Having tried it out, that impression is not true. The strength of Sandaconda VMAX comes from its spread damage, its low attack cost, and the variety of Trainer cards you can use to take advantage of those strengths. On its own, Sand Pulse is lackluster, but with Telescopic Sight, its spread damage becomes a legitimate threat. At a rate of 60 damage per turn, you can quickly get your opponent’s Pokemon into OHKO range, or even win the game outright. Since Sand Pulse only requires one Fighting Energy, this also means that Sandaconda VMAX is a prime target for Cheryl, since you can simply re-attach an Energy and continue your spread assault.
Between those two Trainers alone, you have a deadly strategy. That is, if your opponent cannot OHKO your Sandaconda VMAX, it’s easy to spread an overwhelming amount of damage around their board before they can even take a single Knock Out. Winning 6-0 is not uncommon with this deck, even against hard-hitting opponents like Victini VMAX or Zacian V. And spread damage isn’t your only way to win — you can use also it to set up KOs on VMAXs or other tanky Pokemon. Against those kinds of decks, the spread damage is more important for softening up the opponent’s Pokemon than for taking Knock Outs and winning by itself. In those matchups, you can think of it along the lines of how Tapu Koko worked with Zoroark-GX or Tapu Bulu-GX, in that it helps you to set up multiple two-hit KOs on the board later in the game. There are a few ways to build around Sandaconda VMAX, but the approach I’ve had the most success with is to pair it with another spread-damage Pokemon: Quick Shooting Inteleon.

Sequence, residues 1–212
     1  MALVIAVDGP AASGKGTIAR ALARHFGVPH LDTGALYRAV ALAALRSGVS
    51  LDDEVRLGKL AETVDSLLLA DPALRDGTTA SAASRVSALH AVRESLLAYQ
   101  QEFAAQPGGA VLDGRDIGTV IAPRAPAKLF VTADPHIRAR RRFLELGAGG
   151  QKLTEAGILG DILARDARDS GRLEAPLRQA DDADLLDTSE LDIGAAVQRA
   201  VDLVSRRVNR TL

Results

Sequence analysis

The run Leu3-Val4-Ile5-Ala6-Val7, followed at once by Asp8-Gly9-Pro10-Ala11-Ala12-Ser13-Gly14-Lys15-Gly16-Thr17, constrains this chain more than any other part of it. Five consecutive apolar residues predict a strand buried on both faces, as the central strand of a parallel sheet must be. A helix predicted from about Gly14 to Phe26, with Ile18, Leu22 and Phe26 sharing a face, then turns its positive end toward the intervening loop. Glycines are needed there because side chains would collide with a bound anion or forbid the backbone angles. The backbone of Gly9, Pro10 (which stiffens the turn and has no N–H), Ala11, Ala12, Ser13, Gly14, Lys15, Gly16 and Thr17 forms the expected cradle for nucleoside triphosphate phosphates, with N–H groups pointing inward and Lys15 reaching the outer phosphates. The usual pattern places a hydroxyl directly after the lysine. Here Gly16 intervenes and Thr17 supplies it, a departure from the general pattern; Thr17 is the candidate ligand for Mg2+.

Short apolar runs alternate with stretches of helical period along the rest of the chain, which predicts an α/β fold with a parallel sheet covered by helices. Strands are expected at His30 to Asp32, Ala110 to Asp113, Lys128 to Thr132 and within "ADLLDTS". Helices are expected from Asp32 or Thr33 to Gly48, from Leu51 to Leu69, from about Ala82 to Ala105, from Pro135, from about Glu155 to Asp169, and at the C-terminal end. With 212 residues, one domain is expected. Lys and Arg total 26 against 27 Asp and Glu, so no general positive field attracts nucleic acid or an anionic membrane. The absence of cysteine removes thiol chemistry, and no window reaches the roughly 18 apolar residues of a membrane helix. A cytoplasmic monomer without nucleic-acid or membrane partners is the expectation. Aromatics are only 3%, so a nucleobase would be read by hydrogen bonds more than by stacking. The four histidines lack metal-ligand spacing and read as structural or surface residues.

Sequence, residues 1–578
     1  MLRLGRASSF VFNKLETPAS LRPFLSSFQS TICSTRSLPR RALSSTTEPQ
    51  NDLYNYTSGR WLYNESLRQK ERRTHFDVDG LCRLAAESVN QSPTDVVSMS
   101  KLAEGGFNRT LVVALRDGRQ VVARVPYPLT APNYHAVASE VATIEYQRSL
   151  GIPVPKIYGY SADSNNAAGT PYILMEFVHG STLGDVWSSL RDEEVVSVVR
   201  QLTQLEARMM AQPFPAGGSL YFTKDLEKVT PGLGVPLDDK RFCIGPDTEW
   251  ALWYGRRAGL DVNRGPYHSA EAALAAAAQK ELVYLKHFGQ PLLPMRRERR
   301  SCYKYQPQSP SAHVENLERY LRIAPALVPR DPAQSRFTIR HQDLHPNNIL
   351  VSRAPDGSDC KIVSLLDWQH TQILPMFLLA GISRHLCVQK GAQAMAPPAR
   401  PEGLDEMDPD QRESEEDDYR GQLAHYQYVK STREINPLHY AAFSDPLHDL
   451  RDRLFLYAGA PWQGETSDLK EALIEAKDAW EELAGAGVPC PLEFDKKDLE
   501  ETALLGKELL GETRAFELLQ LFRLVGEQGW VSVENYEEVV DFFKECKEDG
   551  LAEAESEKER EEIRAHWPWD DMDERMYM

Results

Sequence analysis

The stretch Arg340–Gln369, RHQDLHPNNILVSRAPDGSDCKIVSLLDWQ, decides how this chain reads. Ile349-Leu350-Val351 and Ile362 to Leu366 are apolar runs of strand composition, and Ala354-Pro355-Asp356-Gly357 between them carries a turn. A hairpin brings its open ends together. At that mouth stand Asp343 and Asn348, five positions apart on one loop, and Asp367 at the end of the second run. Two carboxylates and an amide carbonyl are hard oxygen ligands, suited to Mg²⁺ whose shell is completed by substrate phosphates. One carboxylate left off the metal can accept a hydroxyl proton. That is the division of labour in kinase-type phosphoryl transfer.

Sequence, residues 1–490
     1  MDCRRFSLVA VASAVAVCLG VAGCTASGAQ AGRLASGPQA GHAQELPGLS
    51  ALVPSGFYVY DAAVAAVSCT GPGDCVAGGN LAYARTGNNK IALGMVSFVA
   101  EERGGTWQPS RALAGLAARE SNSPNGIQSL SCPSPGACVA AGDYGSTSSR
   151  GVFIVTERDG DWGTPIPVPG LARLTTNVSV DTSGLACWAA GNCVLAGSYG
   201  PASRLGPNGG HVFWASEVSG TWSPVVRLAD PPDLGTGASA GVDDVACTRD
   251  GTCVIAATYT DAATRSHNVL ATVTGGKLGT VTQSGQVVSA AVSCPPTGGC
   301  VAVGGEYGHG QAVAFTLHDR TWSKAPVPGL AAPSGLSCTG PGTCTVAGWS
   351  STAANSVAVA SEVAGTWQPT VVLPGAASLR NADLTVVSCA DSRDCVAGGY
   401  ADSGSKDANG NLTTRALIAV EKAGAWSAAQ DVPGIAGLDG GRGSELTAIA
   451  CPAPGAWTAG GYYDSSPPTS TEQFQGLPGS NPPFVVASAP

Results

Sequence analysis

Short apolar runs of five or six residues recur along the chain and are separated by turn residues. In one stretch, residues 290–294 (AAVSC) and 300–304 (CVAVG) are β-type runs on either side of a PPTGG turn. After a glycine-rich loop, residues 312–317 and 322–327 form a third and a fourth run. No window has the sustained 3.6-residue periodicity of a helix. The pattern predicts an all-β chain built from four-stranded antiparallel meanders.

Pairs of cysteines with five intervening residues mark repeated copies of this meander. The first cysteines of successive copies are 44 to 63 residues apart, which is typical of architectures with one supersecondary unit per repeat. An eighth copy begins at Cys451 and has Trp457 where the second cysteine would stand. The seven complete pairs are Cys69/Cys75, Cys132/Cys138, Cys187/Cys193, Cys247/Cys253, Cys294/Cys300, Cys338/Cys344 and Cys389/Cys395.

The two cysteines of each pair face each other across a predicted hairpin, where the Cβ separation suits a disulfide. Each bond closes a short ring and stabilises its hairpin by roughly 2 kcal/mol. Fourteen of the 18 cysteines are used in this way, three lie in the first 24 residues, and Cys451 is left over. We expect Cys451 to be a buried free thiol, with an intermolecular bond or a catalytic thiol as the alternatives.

The Inteleon Engine
While Sandaconda VMAX’s spread damage is effective on its own, it’s the extra pecks from Quick Shooting that put this archetype over the edge. The extra 20 per turn helps to shore up damage on any obnoxious walls that Sandaconda might encounter, and if you can get multiple Inteleon into play, you can pull off a lot of Knock Outs that might otherwise be out of reach. Inteleon pairs perfectly with Sandaconda’s spread strategy, so it’s an incredible partner given what we are trying to accomplish.
In addition, the Inteleon line provides consistency thanks to Drizzile‘s Shady Dealings. This Ability helps you find Telescopic Sight, or any other Trainer card you might need for a given situation. Likewise, it allows you to play lower counts of those Trainer cards than you might otherwise need to. Because the Drizzile provides so much consistency on its own, it’s easy to put the Inteleon line into decks without hurting the consistency of the deck overall. In a deck like Sandaconda, where it’s especially necessary to find particular Trainers, Drizzile really shines!
In addition to Sandaconda, I’ve also taken to including Inteleon in Rapid Strike Urshifu VMAX and Dragapult VMAX decks, where it synergizes with their Bench-damaging attacks. I also use it in Malamar, where it provides extra damage and consistency while also searching out Rapid Strike cards, and in Ice Rider Calyrex VMAX, where it can help bump the damage up so Max Lance can KO Tag Teams. Basically anything with a bit of room, if it can take advantage of some extra damage pecks, can happily include Inteleon. Even if you don’t decide to play Sandaconda VMAX, I would still recommend picking up a line of this amazing support Pokemon to have ready to go.
Here is my list for Sandaconda VMAX / Inteleon:
This concludes the public portion of this article.